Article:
Global leaders today joined over a million Singaporeans in paying respects to the city-state's founder prime minister Lee Kuan Yew who died on Monday leaving a legacy of an economic powerhouse that won global admiration.
A visibly emotional former US Secretary of State Henry Kissinger was among those who paid tributes to Lee at Parliament House this afternoon. Kissinger and Lee had been longtime friends.
Tomorrow, world leaders, including Prime Minister Narendra Modi, Australian Premier Tony Abbott and former US President Bill Clinton, will attend a state funeral service for Lee who was prime minister of Singapore for nearly three decades since its independence in 1965 till he quit in 1990, thereafter wielding influence as a senior minister and mentor.
Among international businessmen paying respects to the late Singapore leader was Chinese billionaire and founder of the Alibaba Group, Jack Ma.
Lee's body has been lying in state in parliament's main lobby since Wednesday after he died on March 23 aged 91.
News reports said 371,784 people from Singapore have paid their last respects to Lee at Parliament House since the public were given access, and another 700,000 had honoured him at 18 community sites set up across the island state.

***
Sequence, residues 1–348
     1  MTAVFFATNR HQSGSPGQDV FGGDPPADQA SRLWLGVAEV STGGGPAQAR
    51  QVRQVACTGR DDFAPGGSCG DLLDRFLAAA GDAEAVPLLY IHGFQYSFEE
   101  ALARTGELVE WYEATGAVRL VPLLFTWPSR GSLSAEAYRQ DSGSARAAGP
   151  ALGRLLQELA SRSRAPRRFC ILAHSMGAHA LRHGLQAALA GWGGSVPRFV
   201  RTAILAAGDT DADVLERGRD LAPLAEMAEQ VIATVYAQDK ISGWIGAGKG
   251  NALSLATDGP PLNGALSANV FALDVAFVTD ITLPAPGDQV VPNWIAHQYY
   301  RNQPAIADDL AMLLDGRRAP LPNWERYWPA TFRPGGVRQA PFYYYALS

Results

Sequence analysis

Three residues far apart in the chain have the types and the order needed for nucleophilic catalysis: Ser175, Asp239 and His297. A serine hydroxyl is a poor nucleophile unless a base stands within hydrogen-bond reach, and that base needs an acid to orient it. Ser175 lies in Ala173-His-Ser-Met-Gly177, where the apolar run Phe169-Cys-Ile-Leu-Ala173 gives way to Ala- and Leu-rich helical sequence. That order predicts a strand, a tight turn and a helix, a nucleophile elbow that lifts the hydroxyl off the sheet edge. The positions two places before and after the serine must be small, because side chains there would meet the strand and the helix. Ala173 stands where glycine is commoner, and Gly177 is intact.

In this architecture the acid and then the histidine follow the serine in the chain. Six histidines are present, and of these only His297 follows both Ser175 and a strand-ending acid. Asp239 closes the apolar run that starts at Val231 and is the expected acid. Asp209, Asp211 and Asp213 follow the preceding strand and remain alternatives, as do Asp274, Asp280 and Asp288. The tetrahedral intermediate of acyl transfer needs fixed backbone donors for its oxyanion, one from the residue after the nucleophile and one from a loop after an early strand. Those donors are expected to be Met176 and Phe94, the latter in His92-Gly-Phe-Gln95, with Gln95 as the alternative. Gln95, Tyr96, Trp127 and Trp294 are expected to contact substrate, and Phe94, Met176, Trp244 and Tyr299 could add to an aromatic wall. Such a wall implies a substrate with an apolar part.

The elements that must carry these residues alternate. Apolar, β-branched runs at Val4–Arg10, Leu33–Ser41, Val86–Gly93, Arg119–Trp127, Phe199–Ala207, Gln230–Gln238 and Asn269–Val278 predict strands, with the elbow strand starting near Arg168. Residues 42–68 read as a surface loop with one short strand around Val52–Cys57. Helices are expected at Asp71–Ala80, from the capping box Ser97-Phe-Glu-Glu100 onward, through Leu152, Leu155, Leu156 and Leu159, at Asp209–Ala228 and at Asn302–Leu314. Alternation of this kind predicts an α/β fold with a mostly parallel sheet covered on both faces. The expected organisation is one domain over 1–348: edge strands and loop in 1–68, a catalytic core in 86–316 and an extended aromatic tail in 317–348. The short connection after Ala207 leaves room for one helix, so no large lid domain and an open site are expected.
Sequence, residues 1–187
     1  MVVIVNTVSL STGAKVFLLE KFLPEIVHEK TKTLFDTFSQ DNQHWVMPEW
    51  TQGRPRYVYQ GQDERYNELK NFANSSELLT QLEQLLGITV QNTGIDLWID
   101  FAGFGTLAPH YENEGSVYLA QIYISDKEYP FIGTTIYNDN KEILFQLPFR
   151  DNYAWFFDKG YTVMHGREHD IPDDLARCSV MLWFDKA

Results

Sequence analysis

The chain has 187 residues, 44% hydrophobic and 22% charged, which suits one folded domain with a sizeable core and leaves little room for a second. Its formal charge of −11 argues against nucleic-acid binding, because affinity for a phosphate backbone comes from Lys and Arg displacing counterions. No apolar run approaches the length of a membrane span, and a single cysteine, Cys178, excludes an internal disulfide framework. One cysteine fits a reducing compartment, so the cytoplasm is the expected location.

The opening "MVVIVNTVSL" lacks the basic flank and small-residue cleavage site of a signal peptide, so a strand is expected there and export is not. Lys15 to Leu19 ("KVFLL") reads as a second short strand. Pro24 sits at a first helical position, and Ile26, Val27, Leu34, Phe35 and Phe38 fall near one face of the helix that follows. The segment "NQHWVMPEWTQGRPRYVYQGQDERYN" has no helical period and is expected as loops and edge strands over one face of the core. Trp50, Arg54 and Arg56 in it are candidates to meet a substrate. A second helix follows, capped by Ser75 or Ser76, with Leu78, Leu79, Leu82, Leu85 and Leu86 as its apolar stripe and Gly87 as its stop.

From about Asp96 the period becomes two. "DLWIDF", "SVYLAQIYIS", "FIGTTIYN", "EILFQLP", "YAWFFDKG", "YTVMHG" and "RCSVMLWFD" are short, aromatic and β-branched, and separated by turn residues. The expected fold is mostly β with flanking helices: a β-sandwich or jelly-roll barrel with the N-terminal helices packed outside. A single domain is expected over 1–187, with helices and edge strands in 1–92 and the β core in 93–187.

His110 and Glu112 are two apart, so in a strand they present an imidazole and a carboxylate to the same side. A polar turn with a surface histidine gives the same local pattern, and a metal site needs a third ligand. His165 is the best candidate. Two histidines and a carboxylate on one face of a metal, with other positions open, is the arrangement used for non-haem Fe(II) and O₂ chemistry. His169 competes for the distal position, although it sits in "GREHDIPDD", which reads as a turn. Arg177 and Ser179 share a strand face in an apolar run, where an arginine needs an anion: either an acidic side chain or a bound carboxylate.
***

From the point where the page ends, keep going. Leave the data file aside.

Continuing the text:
But people have still been lining up for up to eight to 10 hours a day to pay respects to Lee at Parliament House.
Officials managing the crowd around the House had stopped access last night for safety reasons, but resumed it this morning, as today is the last day for public access. The queue was reopened before dawn today after the backlog was cleared.
Tomorrow, Singaporeans are expected to line the streets to bid a final farewell to the country's founding father.
The state funeral procession will commence at about 12.30 pm and cover a distance of 15.4 kms to the National University of Singapore, where a funeral service will be held from 2 pm.
The procession would pass through old parliament house and other iconic places while the armed forces will accord a 21-gun salute, an air force fly-past and a patrol boat sail-past in honour of Lee.
Lee is widely credited with transforming Singapore from an impoverished third-world nation into an advanced first-world economy within just a generation, shaping the city-state's present status as a global financial and commercial hub.